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The central bank of Mauritius, the Indian Ocean island, left its benchmark repurchase rate steady at 3.50 percent as it lowered its 2018 estimate of inflation further while maintaining the outlook for inflation next year.

The Bank of Mauritius (BOM), which has kept its rate steady since cutting it in September 2017, projected that 2018 inflation would average 3.2 percent, down from the August forecast of 3.5 percent and May's forecast of 4.2 percent. Inflation in 2017 averaged 3.7 percent.

After rising to 7.0 percent in February, inflation in Mauritius decelerated sharply to 1.0 percent by June as shocks to food prices subsided and some administered prices fell. Since then inflation has picked up speed and rose to 2.8 percent in October from 1.9 percent in September.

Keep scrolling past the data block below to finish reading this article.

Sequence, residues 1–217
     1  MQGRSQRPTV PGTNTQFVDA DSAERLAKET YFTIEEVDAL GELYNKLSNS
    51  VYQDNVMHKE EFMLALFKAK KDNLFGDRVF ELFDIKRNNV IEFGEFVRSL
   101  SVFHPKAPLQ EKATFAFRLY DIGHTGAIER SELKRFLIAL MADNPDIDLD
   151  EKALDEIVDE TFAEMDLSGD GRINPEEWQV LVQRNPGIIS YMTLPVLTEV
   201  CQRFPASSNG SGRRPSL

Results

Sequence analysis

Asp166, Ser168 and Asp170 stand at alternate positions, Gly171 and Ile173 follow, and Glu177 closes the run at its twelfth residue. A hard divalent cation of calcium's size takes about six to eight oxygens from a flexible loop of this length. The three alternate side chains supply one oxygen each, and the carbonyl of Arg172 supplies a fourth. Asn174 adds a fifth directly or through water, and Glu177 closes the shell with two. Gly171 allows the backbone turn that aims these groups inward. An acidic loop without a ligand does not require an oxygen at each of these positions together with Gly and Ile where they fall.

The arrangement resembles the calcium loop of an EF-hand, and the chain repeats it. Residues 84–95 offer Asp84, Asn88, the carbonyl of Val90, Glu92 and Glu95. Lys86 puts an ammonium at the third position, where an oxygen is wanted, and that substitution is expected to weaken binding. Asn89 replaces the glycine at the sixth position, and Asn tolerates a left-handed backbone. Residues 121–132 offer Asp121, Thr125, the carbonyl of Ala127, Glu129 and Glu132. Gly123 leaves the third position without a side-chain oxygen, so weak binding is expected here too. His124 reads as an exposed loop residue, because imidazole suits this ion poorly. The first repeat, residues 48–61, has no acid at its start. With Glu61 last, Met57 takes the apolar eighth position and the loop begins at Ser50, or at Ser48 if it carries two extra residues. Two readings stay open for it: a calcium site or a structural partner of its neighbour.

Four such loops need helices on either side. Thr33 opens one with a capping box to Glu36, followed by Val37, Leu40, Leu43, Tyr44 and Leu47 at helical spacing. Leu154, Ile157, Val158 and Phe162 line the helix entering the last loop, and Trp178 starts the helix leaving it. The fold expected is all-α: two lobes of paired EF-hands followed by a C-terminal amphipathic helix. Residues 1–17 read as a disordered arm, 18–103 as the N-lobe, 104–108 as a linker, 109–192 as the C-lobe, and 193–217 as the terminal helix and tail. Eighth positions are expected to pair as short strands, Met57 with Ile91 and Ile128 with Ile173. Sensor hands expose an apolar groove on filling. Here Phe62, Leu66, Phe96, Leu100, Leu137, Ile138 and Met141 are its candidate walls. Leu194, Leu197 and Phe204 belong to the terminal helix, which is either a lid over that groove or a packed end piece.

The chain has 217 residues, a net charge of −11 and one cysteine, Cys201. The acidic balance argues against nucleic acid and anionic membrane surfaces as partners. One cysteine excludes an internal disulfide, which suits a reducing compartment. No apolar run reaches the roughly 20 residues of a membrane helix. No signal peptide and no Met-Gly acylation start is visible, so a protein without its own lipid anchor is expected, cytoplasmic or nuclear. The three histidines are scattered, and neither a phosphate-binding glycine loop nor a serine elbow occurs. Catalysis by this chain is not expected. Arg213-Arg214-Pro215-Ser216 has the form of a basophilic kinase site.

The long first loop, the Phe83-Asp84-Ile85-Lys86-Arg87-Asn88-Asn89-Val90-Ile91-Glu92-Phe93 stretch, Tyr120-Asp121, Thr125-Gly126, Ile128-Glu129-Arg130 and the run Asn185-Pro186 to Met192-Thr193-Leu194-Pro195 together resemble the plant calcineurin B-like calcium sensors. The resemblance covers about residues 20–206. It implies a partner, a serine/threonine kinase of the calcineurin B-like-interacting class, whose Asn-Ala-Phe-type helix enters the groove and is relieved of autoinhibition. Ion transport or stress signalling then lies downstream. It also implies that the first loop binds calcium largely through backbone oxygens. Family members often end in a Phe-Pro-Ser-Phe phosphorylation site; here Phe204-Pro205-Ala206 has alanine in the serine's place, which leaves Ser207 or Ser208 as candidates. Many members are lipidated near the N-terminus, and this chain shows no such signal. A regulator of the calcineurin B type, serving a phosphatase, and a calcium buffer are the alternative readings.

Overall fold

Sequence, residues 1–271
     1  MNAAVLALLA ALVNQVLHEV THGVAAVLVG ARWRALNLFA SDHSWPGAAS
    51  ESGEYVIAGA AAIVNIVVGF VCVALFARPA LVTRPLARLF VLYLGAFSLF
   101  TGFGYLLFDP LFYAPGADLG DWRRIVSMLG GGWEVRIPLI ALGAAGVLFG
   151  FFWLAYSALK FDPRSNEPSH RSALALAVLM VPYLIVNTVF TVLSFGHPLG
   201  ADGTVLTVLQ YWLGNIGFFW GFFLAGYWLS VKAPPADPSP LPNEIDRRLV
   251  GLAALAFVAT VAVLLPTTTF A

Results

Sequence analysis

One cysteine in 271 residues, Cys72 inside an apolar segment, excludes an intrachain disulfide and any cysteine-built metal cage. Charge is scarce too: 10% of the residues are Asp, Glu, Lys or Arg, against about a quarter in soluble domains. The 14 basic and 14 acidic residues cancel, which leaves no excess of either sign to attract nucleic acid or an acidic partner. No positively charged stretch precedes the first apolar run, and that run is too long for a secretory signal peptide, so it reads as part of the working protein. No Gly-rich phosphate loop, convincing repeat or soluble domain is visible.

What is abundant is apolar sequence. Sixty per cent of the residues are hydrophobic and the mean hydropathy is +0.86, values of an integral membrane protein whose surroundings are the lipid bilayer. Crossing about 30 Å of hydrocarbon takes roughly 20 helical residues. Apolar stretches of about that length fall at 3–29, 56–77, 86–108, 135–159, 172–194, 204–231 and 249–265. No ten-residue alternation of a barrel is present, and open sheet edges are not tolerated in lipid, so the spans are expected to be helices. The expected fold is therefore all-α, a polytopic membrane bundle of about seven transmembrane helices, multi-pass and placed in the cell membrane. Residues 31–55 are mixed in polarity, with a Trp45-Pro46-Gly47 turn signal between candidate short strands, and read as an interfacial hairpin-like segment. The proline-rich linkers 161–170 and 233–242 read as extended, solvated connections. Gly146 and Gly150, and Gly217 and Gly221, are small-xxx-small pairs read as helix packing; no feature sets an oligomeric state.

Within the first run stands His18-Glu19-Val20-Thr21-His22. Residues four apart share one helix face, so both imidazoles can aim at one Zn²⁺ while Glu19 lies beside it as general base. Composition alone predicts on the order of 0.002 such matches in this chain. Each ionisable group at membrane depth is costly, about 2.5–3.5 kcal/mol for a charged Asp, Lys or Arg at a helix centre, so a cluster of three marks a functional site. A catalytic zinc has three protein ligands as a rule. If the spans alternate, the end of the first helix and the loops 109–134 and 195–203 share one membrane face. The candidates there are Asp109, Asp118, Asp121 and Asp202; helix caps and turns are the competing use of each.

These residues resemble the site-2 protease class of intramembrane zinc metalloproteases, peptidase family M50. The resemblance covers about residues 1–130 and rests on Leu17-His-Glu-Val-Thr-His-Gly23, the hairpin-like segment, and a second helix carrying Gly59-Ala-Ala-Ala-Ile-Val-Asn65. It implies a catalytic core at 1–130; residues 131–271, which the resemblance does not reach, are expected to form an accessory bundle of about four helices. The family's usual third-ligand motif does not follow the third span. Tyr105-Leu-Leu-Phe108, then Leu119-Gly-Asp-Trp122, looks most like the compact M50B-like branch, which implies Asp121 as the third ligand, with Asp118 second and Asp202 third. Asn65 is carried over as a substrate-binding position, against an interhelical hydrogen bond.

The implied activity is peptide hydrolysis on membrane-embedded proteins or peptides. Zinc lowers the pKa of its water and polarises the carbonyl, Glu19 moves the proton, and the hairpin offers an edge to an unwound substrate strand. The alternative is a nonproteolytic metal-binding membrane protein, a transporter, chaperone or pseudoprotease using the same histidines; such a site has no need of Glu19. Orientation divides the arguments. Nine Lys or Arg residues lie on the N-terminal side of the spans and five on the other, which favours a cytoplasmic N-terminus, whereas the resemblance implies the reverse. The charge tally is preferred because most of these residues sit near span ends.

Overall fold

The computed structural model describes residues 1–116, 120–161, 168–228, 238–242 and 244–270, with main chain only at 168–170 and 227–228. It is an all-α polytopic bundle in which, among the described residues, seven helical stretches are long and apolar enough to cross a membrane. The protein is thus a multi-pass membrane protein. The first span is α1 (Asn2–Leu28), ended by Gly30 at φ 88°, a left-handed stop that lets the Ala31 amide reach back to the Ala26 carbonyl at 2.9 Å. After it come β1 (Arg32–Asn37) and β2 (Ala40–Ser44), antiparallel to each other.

Barring major shocks to supply, BOM forecast 2019 inflation of 3.0 percent, as in August.

The economy of Mauritius has slowed in recent quarters but BOM left unchanged its forecast for growth to average 4.0 percent this year and next year, up from 3.5 percent in 2017, supported by rising consumption and public infrastructure investment.

Year-on-year Mauritius' gross domestic product grew 3.7 percent in the second quarter, down from 4.1 percent in the first quarter.

"The MPX weighted the risks to growth and inflation outlook and concurred that monetary conditions are currently appropriate and supportive of economic growth and price stability," BOM said.

The Mauritian rupee has been relatively stable since June after depreciating in the first half of the year. Today the rupee was trading at 34.6 to the U.S. dollar, down 2 percent this year.


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